I am no longer blogging here at Little Nuances, but I would love for you to join me on my author website www.leewarren.info.

Monday, November 17, 2008

Desecrated Tennis Courts

One rainy day last week, I ran a few errands during lunch. As I got close to the park I used to play tennis in as a young boy, I decided to stop for a minute and see what condition the courts were in. I’ve blogged about these courts before. Here’s a little of what I said about them in one post:

They were dark green, with a chain link fence disguised as a net. A basketball hoop hung on one of the fences that bordered the courts and often weeds sprouted through the cracks on the courts. One of the courts was set in the side of a hill, so it was surrounded by a cement wall. We preferred that court for some reason. I think it was because the ball made a cool echoing sound every time we struck it.

I should have added, “And at twelve years old, cool matters.”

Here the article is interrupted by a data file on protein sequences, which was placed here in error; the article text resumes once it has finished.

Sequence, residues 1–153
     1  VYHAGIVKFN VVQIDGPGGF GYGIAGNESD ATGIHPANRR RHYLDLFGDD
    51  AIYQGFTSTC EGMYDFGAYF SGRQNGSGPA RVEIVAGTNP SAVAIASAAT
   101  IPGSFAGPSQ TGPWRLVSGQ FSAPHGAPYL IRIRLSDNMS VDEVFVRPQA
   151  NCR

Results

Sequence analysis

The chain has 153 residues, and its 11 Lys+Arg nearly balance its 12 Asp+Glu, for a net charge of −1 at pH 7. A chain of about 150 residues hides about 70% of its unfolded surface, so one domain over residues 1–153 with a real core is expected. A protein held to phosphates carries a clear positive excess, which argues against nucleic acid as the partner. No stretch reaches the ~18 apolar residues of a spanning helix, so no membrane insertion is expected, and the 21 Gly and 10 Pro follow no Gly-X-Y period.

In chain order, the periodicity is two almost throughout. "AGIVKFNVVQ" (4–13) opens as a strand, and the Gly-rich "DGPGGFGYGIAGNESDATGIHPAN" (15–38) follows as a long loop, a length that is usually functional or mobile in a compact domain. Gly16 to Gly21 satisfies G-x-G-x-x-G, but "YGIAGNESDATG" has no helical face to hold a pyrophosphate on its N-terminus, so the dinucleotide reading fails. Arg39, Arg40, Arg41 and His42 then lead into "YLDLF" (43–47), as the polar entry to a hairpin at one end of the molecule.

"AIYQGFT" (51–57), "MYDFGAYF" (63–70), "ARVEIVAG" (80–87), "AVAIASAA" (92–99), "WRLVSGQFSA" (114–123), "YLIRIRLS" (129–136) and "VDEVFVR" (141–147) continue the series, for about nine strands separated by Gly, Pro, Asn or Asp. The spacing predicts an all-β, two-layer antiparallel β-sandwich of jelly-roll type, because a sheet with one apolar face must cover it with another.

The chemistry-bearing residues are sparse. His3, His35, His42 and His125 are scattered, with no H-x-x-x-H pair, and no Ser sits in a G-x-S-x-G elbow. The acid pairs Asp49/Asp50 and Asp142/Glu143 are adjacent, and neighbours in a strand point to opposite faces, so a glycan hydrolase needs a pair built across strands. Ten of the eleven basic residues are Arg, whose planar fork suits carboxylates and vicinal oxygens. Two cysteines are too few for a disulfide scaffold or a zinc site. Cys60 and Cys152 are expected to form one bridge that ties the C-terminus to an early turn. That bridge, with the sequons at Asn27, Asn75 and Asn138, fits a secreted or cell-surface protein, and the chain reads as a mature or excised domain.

The last time I stopped by these courts, a sign hung from the fence letting the public know that no guns were allowed on the court.

Yeah, it’s in that type of neighborhood.

The “no guns” sign was no longer there (it was probably stolen), but I was upset by what I ran across: spray-painted vulgarities all over the courts and the rock wall surrounding them. I took photos and planned to post them here, but then I thought it would be ridiculous to give thugs free advertising for their gangs, so I refrained.

I probably should have expected to see the vulgarities and the graffiti. A number of gangs frequent the area of town I live in and seeing graffiti on road signs and the sides of buildings is commonplace. But seeing it on the tennis court I spent so many summer days on really bummed me out.

My mom didn’t think anything about allowing me to play tennis on those courts for hours at a time with one of my friends. My friend's parents didn’t have any concerns either. I wonder how many kids play tennis in that park now? From the looks of things, very few. And I certainly understand why.

Yeah, the era I grew up in was different. But still.

Seeing this makes me want to do something about it--like cleaning up the court and working through an organization to give free tennis lessons to kids there. My time is so limited, but it would be worth the sacrifice.


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